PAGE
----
The incident was the latest in a series clashes between police and students at the private, Catholic research university. Police have responded to the same area to break up a large disturbance at least six times in the past 10 years, with most of the incidents occurring in March.
On March 10, 2020, police officers from multiple departments responded to the UD campus on Lowes Street when a large crowd formed around 11 p.m. “throwing objects and bottles in the street and at police, and jumping on cars,” UD said at the time.
“Police gave verbal orders to disperse which were ignored,” UD said. “Police initially launched pepper balls, which contain powder with an irritant that disperses quickly, that were unsuccessful in reducing the crowd size.”
Additional Dayton police again gave orders to disperse, and students went back into their housing around 2:15 a.m.
At least one person was reportedly injured by a thrown bottle, UD said.
In 2018, police forced back a crowd celebrating St. Patrick’s Day. In that incident, the crowd threw objects including bottles at police. At the time, the university said the crowd ignored orders from university police to disperse, and several more police agencies were called in to disperse the crowd. No arrests were made in the 2018 incident.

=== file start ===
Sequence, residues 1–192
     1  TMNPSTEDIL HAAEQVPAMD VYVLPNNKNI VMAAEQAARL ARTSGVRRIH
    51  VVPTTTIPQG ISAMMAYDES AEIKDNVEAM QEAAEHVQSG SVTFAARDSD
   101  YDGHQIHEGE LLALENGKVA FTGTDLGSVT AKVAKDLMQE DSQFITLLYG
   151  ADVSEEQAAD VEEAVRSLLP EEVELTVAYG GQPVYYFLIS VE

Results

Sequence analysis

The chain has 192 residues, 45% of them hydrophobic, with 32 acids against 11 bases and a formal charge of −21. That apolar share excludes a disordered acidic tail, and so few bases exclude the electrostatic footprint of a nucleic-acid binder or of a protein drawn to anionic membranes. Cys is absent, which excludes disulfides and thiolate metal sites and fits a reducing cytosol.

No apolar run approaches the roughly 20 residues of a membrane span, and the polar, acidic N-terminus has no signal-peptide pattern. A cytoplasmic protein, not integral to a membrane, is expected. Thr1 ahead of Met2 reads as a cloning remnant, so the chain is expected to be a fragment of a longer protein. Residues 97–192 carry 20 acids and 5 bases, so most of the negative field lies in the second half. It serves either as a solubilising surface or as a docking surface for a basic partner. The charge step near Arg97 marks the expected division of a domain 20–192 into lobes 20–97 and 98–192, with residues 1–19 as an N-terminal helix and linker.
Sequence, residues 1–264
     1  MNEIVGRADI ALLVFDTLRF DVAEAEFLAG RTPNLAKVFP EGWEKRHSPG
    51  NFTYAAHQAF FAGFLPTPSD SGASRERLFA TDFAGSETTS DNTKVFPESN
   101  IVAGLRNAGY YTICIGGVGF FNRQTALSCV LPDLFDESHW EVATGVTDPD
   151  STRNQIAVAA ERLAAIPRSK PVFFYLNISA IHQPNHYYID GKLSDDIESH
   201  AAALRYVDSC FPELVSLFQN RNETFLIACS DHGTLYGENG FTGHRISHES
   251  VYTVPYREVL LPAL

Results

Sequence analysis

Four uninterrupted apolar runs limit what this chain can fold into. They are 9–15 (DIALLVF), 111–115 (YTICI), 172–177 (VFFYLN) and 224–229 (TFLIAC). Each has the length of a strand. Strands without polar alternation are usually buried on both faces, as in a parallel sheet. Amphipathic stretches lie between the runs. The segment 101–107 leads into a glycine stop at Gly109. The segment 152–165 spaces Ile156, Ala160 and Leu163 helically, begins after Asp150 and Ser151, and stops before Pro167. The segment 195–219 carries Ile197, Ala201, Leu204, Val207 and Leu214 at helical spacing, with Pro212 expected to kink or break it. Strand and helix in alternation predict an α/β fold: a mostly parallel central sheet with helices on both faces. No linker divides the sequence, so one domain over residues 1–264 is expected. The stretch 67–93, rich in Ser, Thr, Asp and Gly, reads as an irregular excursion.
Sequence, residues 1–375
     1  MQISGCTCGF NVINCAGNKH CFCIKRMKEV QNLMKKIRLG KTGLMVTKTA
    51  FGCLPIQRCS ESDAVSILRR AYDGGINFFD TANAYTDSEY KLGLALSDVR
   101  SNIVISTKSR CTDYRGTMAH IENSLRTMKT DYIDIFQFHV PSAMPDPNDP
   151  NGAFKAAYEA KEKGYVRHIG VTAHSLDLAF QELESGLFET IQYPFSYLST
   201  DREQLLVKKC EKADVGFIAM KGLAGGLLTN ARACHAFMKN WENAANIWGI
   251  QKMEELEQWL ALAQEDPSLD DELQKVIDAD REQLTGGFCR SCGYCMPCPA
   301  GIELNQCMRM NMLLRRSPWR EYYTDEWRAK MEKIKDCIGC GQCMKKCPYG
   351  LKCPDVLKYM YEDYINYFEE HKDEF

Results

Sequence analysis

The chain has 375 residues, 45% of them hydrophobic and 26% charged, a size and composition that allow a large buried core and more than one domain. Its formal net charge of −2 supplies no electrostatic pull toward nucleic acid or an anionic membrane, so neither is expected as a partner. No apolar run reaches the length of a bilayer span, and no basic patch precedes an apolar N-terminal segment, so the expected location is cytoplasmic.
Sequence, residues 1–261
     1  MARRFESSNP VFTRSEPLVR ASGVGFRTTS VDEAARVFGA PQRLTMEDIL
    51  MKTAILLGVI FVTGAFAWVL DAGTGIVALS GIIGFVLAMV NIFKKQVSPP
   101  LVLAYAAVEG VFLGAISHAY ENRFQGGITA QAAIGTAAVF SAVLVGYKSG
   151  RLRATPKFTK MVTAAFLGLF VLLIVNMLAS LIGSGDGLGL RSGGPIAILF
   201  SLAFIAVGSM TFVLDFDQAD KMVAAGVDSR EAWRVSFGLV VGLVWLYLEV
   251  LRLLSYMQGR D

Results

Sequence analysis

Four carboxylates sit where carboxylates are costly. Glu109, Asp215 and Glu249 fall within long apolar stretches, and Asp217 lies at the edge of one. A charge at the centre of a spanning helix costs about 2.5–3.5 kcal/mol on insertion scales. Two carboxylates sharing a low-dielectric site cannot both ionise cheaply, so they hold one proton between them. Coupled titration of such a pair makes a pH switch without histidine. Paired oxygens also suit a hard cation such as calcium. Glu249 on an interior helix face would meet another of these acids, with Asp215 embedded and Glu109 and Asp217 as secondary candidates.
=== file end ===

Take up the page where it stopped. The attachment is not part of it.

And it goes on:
In March 2015, six people were arrested for rioting, disorderly conduct and resisting arrest. One Dayton officer was hurt after he was struck in the head with a full beer can.
That was less chaotic revelry than what happened in March 2014, when police marched down Kiefaber in riot gear as a crowd celebrated a Dayton Flyers victory in the NCAA tournament. In that instance, 32 people were arrested and eight officers were injured.
In 2013, St. Patrick’s Day celebrations turned violent, leading to 24 non-UD students facing criminal charges and another 45 students facing university discipline. Seven of the 24 non-University students were physically arrested with the remainder charged through the courts, mostly for underage drinking, public intoxication and disorderly conduct.